"What goes with X?" is a common question. It could be a starting point for coming up with a new recipe for an ingredient you have on hand, or a way to come up with a variation on an existing recipe.

So how can I find such flavor pairings? Are there resources dedicated specifically to this sort of thing?

Note: this is intended as a canonical reference which we can provide when people ask flavor pairing questions.

1 Answer 1


First, a caveat: different people and different cultures have different tastes, so no pairing recommendations are likely to be perfect for you.


You can find books on this topic, for example by searching for flavor pairing on Amazon. A couple of the most popular ones:

  • The Flavor Bible - for each ingredient, lists a large number of other ingredients that pair well with it, with the best/most popular ones highlighted. Also includes a small number of example ideas of dishes and several-ingredient combinations.
  • The Flavor Thesaurus - for each ingredient, lists a fair number of good pairings, each with a bit of additional description and perhaps recipe ideas.


There are a few websites discussing this sort of thing:

  • IBM's Chef Watson - lets you pick an ingredient, then suggests others, which you can accept or reject to get additional suggestions. Also provides example recipes. Free.

  • Foodpairing - lets you pick an ingredient, then suggests "matches". Free version has a limited set of ingredients, and for a monthly fee you get everything.

  • VCF 2000 - a commercial database of volatile compounds in foods. It has a demo, but the actual database is extremely expensive (currently $2775). Between that and the difficulty of basing things on aromatics, it's probably not particularly useful, though.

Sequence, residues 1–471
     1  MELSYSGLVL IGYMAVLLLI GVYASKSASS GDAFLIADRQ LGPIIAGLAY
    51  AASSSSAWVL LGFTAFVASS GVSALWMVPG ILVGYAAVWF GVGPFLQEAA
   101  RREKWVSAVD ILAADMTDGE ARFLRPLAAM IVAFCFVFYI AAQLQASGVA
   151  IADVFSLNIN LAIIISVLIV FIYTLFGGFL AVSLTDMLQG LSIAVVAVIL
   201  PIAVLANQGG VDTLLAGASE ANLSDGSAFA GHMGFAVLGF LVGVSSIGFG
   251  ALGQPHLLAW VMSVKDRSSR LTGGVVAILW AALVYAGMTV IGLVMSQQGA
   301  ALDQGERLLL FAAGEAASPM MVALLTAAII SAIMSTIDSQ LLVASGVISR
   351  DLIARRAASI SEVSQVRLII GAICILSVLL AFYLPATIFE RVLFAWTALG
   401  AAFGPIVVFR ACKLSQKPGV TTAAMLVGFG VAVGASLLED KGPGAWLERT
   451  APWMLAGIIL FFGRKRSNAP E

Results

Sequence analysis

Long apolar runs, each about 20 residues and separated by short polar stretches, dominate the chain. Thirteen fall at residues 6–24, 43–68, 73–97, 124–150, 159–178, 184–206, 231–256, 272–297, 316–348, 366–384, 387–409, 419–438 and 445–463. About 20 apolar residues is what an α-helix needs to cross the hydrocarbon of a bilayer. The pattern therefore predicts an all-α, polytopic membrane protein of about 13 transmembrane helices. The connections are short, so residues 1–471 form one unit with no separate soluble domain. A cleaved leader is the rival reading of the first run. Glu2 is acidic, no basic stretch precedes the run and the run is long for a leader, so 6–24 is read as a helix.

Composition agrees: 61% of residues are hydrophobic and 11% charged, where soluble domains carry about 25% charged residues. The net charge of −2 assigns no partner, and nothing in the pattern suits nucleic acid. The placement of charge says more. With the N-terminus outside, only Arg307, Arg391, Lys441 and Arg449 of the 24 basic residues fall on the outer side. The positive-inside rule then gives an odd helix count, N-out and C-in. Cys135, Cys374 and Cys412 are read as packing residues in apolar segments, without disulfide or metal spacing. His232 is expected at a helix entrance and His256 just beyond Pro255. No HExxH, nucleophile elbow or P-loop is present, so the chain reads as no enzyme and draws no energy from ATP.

On pairing by aromatic compounds: while folks have used this to come up with ideas, it really seems to be at best an oversimplification. Plenty of things with "matching" aromatics don't end up being good pairings, and plenty of commonly liked pairings have very different aromatics.

Do it yourself!

Searching for recipes is actually a pretty effective method here. Just search for "X recipes" on Google, or search for X on your favorite recipe site, and look through the recipes to see what other ingredients people use with X. You'll quickly come up with lists of ideas quite similar to those you might find in dedicated books or websites.

  • Yes - and if you happen to include what is in the fridge in your Google pairings search you might find a way to use what you already have :) Commented Mar 15, 2016 at 18:09
  • +1, I have the Flavour Thesaurus and it's quite handy. I used Foodpairing before it became a paid service and found the way they linked food items together to be very interesting!
    – Ming
    Commented Mar 16, 2016 at 7:48
  • 1
    Unfortunately, "foodpairing" based on aroma compound (chemical analysis) is just a myth. Even H. Blumenthal finally agreed that it is merely a list of ideas. H. This and P Gagnaire showed that elements that didn't work together according to foodpairing could actually produce great dishes (e.g. camembert+raspberry). H. This showed many other arguments against pseudoscientific "foodpairing" (ex. between two ingredients you will nearly always find identical compounds anyway).
    – TZDZ
    Commented Mar 18, 2016 at 14:12

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